The author weaves together two biographies and carries us through both the public and private lives of both men, telling us more than we ever thought we would know about Andy's temper, Don's nerves, their six wives, their relationships with their own parents and kids and more. Through it all we feel a slight bit of shock - would Barney Fife really do something like that? - when we read about transgressions, or dirty jokes, unable to pull ourselves away from Andy Taylor and his deputy, as we have come to know and love Andy Griffith and Don Knotts.

Would you go back if you could? Would you walk the streets of Mayberry, stop to say hi to Opie on the way to Goober or Gomer's shop to check on your car before visiting Floyd's barber shop? Would you sit on the porch with Thelma Lou and Aunt Bee and let the time tick by, if just for a few hours? More importantly, could you do it, with the fast-paced life you lead today?

Mayberry, and Don, and Andy and Aunt Bee and all the rest, still have lessons to teach us today, a half century later.

The Day the World Came to Town: 9/11 in Gander, Newfoundland by Jim DeFede




Why I Read It: Re-read it, actually. A friend had lent it to me about a decade ago, I loved it then, and recently realized I didn't have my own copy.

Summary: Planes heading across the Atlantic on 9/11 were ordered down, and to avoid U.S. airspace. Many landed in Gander, a small Newfie town with a regional airport that was suddenly overwhelmed by thousands of confused and even terrified people.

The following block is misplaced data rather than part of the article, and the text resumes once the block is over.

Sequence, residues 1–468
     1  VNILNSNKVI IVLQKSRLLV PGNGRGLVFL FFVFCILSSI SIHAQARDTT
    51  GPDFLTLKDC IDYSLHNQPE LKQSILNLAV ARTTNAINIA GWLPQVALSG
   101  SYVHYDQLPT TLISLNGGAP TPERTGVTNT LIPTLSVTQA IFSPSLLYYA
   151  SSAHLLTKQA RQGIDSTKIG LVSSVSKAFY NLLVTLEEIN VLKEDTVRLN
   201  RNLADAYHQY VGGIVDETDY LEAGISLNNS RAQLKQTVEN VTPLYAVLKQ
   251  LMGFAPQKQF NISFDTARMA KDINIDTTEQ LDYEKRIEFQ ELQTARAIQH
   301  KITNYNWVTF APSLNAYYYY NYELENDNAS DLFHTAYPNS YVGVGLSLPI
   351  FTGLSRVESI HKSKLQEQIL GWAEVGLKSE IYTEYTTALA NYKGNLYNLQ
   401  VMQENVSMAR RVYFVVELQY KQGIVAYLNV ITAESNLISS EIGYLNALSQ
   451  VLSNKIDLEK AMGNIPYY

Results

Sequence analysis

My Thoughts: It's amazing what happens when money is no longer an issue, when life is placed in front of all else.

Gander, population 9,651 at the time of the terrorist attacks on the World Trade Center and Pentagon on September 11, 2001, welcomed 42 planes (38 civilian and 4 military) that day, really through no choice of their own. The planes brought an extra 6,600 people to town, people who needed to be fed, housed - indefinitely - and entertained. The town opened its schools, its church, its fraternal organization halls, every place the locals could think up, including their own homes.

They lined up at these places with sheets and blankets pulled right from their own beds, with home-cooked meals and with toys for the children on the flights. They gave, and they gave, and they gave, and they smiled as they did so. The "plane people" were worried and disconnected from loved ones, anxious to make phone calls. And they came from everywhere across Europe and North America. Stores opened up their doors and delivered anything and everything the plane people needed, at no charge.

9/11 had a strange effect on all of us. There was a certain survivor mentality among many of us, though most of us were never in danger. We pulled together and bonded in ways we definitely haven't since. We gave whatever we had - money for the firefighters' funds in New York City; volunteer time in so many ways; food and water; and so much more - and never considered the aftereffects, like a lightened bank account. It was just the right thing to do.

And so it was in Gander. They consider it the "Newfie way" to extend a hand to a stranger in town in need. While many of us were wondering how we could help, removed from the scenes of the attacks, distant from the people who died as a result, the people of Gander were helping a community almost the size of their own, squeezing them into every possible space in town.

The author regales us with the details, the names, the faces, the remarkable frozen-in-time situations that made each individual's story unique. He reminds us that in the face of evil, when the world is at its darkest, hope and love can still outshine everything else.